Adams’ adviser Evan Thies, however, dismissed the rumours, saying: “The mayor has not entered into discussions with anyone about a presidential bid. He is 100 percent focused on bringing down crime, improving New York’s economy and bringing this city back.’
However, the mayor seems to have some support, as Tusk Strategies CEO Chris Coffey told the New York Post: “He’s one of the best-known black elected officials in the country. The play works when Adams makes crime-fighting strides and the President decides not to run. I think he would be crazy not to think about it.’
Even a GOP congressman told the Post he thinks the Big Apple mayor might stand a chance solving the crime that plagues the city that never sleeps.
The statistics paint a bleak picture of the city’s efforts to combat a crime spike since the pandemic — a campaign touted as successful by Mayor Eric Adams several times over the past year
The unidentified lawmaker said: “I said you really have to consider that you’re young enough to have life after mayor and if you solve the crime problem there would be a lot of interest in a big city Democrat, African American with progressive values, but who mediated the crime problem in a big city.’
Seven months later, however, it was revealed that crime in the Big Apple had increased in virtually every category, despite recent claims from Adams.
The data shows that rape, robbery and assault are up from last year as they hit both 2020 and 2021 at record highs not seen in decades.
Rapes — which skyrocketed in 2020 when streets were empty and unemployment was rife due to unrest caused by the coronavirus — rose 7 percent, with more than 120 this year than last year.
Robberies, meanwhile, rose a shocking 20 percent despite recent action by Adams, 62, to increase police presence across the city.
Assaults and robberies across the city, meanwhile, are showing a similarly pronounced increase, with crime up 12 percent – 26,039 incidents this year compared to 22,835 last year – and burglaries up an alarming 25 percent.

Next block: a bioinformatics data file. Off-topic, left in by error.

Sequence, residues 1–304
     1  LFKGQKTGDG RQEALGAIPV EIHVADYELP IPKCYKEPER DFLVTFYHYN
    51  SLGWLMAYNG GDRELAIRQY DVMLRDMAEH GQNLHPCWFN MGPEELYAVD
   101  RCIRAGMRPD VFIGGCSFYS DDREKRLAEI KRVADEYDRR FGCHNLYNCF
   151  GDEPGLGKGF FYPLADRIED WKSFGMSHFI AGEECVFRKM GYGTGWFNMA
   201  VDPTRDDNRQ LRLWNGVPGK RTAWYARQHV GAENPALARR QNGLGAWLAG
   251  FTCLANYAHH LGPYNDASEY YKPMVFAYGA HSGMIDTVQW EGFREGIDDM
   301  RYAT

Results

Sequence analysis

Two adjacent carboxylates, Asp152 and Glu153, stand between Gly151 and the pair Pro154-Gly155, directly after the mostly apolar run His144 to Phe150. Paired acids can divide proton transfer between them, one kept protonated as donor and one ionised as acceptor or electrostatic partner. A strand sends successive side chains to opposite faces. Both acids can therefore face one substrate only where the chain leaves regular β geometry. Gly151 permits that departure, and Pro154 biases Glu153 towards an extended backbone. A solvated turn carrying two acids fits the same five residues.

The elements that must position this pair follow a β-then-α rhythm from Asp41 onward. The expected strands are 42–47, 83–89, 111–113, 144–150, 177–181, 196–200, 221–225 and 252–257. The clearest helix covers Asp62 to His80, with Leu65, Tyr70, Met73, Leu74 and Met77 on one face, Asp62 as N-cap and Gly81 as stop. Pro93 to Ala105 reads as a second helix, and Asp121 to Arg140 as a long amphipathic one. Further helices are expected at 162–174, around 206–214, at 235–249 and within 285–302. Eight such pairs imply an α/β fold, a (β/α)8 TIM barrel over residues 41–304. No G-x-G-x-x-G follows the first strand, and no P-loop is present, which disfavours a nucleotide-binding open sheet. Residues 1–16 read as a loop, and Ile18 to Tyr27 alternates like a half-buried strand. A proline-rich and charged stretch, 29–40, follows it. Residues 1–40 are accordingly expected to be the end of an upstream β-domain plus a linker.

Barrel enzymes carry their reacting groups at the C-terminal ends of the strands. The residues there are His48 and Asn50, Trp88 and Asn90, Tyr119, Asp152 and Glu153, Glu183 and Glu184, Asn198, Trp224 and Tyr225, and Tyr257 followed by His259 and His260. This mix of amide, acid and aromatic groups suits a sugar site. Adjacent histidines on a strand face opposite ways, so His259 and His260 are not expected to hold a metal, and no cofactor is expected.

All other crime categories – including grand larceny and auto theft – except for homicides, showed similar increases, despite the fact that the pandemic broke out almost three years ago.
The history of New York City mayors running for President
Though he wields great power and control over millions of people, the mayor of New York City was a poisoned chalice to anyone aspiring to higher office.
The last three residents of the Gracie Mansion have very publicly failed in their attempts to move into the White House.
In 2020, two former New York City mayors had to end their campaigns fairly quickly, as both Bill de Blasio and Mike Bloomberg were one of several losers to eventual winner Joe Biden.
In 2008 Rudy Giuliani – long considered a potential favorite – retired after a poor third-place finish in Florida.
Going back even further: In 1972, just a year after his transition from Republican to Democrat, John Lindsay ran briefly and unsuccessfully for the nomination that eventually went to George McGovern.
No Big Apple mayor has ever been elected to senior office since 1913, when Ardolph Loges Kline was elected to Congress, despite serving only three months after the previous mayor died at sea.